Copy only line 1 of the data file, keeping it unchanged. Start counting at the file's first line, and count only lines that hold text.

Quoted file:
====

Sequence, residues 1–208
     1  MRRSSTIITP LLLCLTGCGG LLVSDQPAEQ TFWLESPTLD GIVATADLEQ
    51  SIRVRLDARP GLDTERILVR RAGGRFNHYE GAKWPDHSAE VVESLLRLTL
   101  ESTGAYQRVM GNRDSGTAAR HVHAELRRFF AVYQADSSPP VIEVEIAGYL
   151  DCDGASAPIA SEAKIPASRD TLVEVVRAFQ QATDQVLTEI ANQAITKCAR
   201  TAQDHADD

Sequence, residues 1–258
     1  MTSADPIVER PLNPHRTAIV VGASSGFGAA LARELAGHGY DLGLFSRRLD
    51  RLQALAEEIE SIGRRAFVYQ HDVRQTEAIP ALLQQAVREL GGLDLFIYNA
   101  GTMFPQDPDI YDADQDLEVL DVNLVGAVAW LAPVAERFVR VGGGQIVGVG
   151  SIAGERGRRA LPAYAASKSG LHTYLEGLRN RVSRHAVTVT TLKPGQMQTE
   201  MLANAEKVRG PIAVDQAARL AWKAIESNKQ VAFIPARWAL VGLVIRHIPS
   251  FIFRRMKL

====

Sequence, residues 1–208